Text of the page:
I’ve read that should the pilot get ordered to series, it will follow Connelly’s “City of Bones” as the backbone of the season.  Interestingly, I believe this is next in line of the Bosch novels I haven’t ready yet and it’s sitting on my to-be-read pile.  It may have to make a move up the pile a bit since the mystery intrigued me enough that I wanted to know more once the fifty or so minutes has finished streaming to my set.

As for the rest of Bosch’s world, it’s all there — from his love of jazz to his taste in food and liquor.  There are also several familiar faces from the novels that crop up.

So far, I’m sold.  If Amazon decides to move forward on this one, I’ll watch.  And given that Bosch has a good sized catalog of books, this is a show that has ample material for a long and fascinating run.

Movie Thoughts: Now You See Me (2013)

nowyouseemeFinally got around to seeing Now You See Me over the weekend.  I’d heard positive buzz on the movie when it was in theaters last summer, but missed it during the theatrical run.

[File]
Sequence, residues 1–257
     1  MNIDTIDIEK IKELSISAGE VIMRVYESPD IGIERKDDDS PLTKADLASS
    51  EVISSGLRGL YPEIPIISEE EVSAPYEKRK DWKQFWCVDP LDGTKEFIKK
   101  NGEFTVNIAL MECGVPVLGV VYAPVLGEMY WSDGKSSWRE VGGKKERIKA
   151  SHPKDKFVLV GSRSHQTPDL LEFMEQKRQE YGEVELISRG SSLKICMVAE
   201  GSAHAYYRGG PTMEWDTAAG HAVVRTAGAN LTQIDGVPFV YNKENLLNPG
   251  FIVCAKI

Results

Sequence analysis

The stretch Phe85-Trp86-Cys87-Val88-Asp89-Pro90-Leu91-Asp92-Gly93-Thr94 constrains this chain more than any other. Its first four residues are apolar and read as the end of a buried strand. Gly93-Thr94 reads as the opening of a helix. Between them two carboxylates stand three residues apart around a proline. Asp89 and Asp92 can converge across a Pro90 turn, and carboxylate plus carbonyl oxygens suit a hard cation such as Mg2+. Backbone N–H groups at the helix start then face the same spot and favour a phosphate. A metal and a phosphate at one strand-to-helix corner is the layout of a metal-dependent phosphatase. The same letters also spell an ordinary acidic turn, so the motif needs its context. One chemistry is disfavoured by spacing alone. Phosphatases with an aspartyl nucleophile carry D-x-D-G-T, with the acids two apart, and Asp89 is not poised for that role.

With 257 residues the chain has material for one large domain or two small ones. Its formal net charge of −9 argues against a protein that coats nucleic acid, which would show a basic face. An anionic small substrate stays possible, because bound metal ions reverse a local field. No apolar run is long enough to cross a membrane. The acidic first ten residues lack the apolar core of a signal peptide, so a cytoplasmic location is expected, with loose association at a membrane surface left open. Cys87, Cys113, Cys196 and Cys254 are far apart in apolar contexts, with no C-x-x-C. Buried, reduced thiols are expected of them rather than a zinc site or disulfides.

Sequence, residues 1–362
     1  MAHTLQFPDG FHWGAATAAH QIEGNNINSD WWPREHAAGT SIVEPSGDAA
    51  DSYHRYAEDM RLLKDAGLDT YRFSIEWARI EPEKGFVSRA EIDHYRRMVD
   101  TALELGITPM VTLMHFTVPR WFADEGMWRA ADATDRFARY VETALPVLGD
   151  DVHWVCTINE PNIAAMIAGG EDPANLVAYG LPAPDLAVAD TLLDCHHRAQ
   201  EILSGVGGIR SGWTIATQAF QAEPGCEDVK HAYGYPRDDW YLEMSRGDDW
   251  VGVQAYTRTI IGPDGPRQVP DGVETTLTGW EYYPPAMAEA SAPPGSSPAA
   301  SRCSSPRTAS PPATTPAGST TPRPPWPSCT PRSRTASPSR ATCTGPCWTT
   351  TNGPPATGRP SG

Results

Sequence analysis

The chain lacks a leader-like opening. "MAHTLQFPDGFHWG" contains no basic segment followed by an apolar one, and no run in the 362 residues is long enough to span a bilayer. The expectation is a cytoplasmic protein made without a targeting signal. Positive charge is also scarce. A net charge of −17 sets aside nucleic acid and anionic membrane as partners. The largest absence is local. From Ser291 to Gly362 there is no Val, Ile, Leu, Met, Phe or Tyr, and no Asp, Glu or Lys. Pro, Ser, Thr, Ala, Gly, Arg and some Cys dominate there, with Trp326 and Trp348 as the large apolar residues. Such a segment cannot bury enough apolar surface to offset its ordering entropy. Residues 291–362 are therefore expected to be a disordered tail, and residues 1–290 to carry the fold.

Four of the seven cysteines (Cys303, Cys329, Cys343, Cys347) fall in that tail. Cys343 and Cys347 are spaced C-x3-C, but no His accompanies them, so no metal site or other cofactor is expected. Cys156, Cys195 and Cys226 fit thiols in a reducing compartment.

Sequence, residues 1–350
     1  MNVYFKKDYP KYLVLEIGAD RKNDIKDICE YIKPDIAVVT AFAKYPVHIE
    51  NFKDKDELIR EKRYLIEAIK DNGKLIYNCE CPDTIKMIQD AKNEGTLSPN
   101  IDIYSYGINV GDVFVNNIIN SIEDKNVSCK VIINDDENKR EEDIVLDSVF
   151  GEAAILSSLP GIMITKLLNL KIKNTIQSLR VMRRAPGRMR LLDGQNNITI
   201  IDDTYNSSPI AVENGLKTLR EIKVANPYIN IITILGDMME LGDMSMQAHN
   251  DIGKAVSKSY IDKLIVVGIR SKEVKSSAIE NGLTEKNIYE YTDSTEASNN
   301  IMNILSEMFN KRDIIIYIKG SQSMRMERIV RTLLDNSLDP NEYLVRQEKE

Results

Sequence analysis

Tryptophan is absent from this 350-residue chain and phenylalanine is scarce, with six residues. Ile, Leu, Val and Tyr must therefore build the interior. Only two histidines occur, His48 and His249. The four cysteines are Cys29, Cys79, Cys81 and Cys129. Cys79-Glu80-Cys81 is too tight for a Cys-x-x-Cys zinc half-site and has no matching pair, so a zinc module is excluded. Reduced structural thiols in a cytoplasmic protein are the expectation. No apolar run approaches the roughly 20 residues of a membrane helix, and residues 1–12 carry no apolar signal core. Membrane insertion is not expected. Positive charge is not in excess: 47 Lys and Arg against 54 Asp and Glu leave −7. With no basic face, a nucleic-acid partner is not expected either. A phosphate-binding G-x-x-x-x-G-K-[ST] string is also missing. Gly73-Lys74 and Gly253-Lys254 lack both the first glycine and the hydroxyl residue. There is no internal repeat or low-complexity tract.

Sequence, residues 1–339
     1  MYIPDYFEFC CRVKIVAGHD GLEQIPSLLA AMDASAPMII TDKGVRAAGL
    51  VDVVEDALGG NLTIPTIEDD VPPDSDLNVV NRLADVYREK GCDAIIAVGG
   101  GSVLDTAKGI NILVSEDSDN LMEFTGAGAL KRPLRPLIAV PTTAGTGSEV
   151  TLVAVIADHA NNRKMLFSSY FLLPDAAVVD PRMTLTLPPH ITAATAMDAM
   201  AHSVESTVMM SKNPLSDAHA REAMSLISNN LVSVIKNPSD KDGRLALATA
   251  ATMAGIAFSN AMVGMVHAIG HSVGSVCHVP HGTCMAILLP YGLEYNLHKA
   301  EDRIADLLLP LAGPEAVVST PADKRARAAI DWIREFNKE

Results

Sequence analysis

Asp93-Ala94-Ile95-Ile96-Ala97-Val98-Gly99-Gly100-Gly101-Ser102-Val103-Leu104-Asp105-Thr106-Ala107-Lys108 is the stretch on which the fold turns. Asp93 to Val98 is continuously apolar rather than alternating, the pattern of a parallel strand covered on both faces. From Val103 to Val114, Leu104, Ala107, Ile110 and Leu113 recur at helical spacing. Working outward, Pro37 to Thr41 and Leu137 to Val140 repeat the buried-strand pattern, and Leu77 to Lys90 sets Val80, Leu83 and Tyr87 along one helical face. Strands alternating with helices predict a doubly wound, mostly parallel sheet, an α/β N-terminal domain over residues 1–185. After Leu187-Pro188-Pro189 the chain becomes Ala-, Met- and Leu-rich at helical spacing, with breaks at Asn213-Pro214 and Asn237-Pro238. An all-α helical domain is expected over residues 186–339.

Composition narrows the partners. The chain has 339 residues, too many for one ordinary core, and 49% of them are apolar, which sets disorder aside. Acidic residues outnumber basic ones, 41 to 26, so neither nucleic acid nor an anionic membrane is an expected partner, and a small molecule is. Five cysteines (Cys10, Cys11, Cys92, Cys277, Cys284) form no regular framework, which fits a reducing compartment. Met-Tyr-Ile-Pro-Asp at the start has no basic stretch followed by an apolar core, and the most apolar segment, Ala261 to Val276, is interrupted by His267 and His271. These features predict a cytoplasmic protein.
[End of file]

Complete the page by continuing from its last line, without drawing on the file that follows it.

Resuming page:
Watching the movie on DVD, I had some thoughts on it and how I think that while it’s got some interesting piece, they don’t necessarily all come together in the final reel.

But in order to discuss that, I’ll have to include SPOILERS.  So, if you haven’t seen the movie yet and don’t want to know the twists, please stop reading now.


Capaldi’s Costume Revealed

The new Doctor’s costume has been revealed…and it’s positively Jon Pertwee-sque.  The BBC released two photos of Peter Capaldi’s new look as the Doctor.


It should be interesting to see if Capaldi takes a page from Pertwee in the same way that Matt Smith took a page from Patrick Troughton.


All of this has me pretty excited to see what Capaldi will bring to our screens in his first season later this year.